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Tet

WORLD
May 4, 2010 | By Mark Magnier, Los Angeles Times
For decades now, the Pho Binh noodle cafe, tucked behind a tangle of parked motorcycles on Ly Chinh Thang Street, has served its trademark dish — "peace noodles." A survivor of Ho Chi Minh City's relentless real estate makeover, the seven-table eatery ladles out bowl after steaming bowl of the soup, made with strips of beef and piles of rice noodles, fresh basil and cilantro. Many of the appreciative customers are unaware of the very unpeaceful plot that unfolded long ago in the family rooms upstairs.
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CALIFORNIA | LOCAL
February 14, 2010 | By My-Thuan Tran
Customers crowded into the Tan Hoang Huong bakery in Santa Ana several days before the lunar new year. Gifts of candies and dried fruit wrapped in red cellophane lined the walls. And the sweet fragrance of banh chung , rice cakes wrapped in banana leaves and stuffed with mung beans and pork belly, filled the air. Ailinh Nguyen had already picked up nine banh chung that she planned to give to her parents and friends, but realized she wanted one more for herself in time for Tet, the Vietnamese lunar new year.
CALIFORNIA | LOCAL
February 6, 2008 | My-Thuan Tran, Times Staff Writer
The nostalgia comes in waves when Trinh Tuyet Tran remembers celebrating the lunar new year in her home country, where firecrackers popped and lion dancers paraded down the streets of Saigon for weeks. Her parents, uncle, aunt and siblings lived under one roof, and the entire country was caught up in the spirit of Tet -- sweeping out the sorrows of the past and welcoming in the new year.
WORLD
October 19, 2006 | Borzou Daragahi, Times Staff Writer
At least 12 U.S. troops were killed during a 48-hour period ending Wednesday, putting October on track to be the deadliest month for Americans in Iraq since Marines stormed insurgent-controlled Fallouja in November 2004. The latest surge in attacks on American military personnel has claimed the lives of 71 troops so far this month, and comes as a sharp rise in civil warfare between Iraq's Shiite and Sunni sects has left hundreds dead over the last week, including at least 43 Wednesday.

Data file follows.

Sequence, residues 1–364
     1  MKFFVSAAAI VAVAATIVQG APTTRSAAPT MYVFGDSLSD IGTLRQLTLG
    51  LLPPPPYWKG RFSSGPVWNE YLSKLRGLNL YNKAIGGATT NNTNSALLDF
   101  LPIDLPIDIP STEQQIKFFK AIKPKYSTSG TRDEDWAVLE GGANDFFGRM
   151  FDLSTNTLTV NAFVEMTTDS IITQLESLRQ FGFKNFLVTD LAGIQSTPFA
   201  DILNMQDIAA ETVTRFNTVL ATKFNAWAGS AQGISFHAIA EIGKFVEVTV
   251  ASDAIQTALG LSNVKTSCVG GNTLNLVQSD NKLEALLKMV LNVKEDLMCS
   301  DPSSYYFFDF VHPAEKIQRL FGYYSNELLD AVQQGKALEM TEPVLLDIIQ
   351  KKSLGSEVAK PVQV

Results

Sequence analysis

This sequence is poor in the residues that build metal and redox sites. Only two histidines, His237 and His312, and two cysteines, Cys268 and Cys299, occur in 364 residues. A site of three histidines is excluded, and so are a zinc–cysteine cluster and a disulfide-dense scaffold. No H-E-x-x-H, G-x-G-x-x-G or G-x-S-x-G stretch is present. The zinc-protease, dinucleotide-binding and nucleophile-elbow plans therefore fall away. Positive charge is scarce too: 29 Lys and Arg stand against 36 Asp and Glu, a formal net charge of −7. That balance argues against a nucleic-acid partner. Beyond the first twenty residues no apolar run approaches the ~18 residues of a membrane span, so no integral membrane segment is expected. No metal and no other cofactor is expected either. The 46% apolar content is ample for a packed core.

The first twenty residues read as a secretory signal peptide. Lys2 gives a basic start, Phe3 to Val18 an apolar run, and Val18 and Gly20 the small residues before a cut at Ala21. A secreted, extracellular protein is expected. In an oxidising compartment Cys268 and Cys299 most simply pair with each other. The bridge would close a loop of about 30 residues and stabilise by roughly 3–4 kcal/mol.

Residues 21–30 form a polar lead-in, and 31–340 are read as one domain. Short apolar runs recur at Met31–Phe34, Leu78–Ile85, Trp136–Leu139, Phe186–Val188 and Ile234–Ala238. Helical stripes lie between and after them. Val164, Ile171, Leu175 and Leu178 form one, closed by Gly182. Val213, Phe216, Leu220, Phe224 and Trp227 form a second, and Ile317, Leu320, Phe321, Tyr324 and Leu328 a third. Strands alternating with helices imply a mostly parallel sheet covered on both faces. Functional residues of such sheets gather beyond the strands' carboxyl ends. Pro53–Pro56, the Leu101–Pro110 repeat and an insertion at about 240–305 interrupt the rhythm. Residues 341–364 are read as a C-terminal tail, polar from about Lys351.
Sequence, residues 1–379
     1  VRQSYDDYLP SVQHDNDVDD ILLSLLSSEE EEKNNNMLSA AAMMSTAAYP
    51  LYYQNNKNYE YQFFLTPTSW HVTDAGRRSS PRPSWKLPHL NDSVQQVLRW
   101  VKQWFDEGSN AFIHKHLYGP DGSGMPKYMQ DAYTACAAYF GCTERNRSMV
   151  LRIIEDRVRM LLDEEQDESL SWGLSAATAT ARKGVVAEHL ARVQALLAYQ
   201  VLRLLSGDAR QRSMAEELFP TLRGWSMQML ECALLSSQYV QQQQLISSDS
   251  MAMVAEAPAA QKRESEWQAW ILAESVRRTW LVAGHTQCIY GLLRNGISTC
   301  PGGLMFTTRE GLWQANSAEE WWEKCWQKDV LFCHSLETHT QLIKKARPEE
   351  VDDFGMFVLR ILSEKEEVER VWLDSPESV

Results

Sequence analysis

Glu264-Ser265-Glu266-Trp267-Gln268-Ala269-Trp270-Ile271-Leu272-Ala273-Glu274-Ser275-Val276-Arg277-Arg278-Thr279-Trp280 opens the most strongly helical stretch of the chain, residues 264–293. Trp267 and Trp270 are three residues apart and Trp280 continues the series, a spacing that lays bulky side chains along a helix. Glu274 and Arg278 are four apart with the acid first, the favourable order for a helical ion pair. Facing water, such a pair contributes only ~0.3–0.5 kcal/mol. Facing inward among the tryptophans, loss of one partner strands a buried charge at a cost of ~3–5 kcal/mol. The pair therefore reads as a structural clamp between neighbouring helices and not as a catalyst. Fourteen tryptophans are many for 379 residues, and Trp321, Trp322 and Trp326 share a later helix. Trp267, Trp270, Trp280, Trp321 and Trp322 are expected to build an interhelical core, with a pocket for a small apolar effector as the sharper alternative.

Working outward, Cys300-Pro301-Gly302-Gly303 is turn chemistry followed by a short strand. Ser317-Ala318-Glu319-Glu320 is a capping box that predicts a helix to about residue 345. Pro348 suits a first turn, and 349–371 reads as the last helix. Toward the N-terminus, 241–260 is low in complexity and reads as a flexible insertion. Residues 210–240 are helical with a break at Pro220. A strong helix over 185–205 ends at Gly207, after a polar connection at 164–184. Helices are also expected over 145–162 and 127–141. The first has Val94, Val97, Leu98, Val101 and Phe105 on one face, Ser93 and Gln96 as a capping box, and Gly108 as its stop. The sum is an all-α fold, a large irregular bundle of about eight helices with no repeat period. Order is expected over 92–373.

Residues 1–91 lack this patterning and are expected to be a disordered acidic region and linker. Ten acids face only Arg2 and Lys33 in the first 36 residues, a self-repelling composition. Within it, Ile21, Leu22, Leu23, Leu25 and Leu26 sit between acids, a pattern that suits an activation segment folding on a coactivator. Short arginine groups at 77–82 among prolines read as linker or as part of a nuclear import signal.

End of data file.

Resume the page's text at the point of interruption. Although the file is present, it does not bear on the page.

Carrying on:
CALIFORNIA | LOCAL
January 28, 2006 | Mai Tran, Times Staff Writer
Standing in the warm afternoon sun, the smell of incense hanging in the air outside Garden Grove's Vietnam Temple, Kim Hoang gently rubbed lemon slices against a tarnished brass urn. "I just need it to shine for the new year," said Hoang, 70, concentrating on an annoying black smudge. "Everything has to be new, clean and fresh."
CALIFORNIA | LOCAL
February 12, 2005
(Begin Text of Infobox) Weekend festival The Tet Festival, celebrating the Year of the Rooster, continues through Sunday at Garden Grove Park. What:A festival celebrating the lunar year 4703. When:Saturday, 10 a.m. to 10 p.m. Sunday, 10 a.m. to 9 p.m. Price:Adults $5 Children $4 Toddlers free Where:Garden Grove Park 9301 Westminster Ave. Garden Grove Parking: Free all-day parking at Bolsa Grande High School; free parking and shuttle service from Westminster Civic Center, Freedom Park and Carrillo Elementary School.
CALIFORNIA | LOCAL
February 9, 2005 | Mai Tran, Times Staff Writer
Nervous and down to his last dollar, Wayne Nguyen shook the plastic bowl, then slammed it on a game board. Nguyen, and those around him hollering and waving their fists, believe that the three etched dice in the bowl can forecast their luck for the Year of the Rooster, which begins today. "Three little fishes! Three little fishes! Open up! Open up!" they chanted in Vietnamese. The dice spilled out. One had a deer, the other a chicken, and the third had the fish they had wished for.
CALIFORNIA | LOCAL
February 2, 2003 | Daniel Yi, Times Staff Writer
Janice Gibbons is a financial analyst, but Saturday she was a Vietnamese-food vendor in Garden Grove, hawking sweet corn and barbecued pork on a stick. "The rest of the year I don't really get to be Vietnamese," said Gibbons, 28, who uses her maiden name, Cao, when she plunges back into the Vietnamese community. She emigrated from Vietnam almost 20 years ago, and now lives in San Jose. "This is a chance to connect with my people," she said, "to be around my people."
CALIFORNIA | LOCAL
January 30, 2003 | Mai Tran, Times Staff Writer
After stopping at four banks Wednesday to find crisp new currency, Tina Nguyen settled for dirty, crumpled $2 bills. Nguyen was hunting for a stack of new $1 bills, a traditional gift of good luck to celebrate the Lunar New Year. "Money is money at any other time," said Nguyen, 38, of Westminster. "But for the Lunar New Year, it has to be new because it represents luck for the rest of the year."
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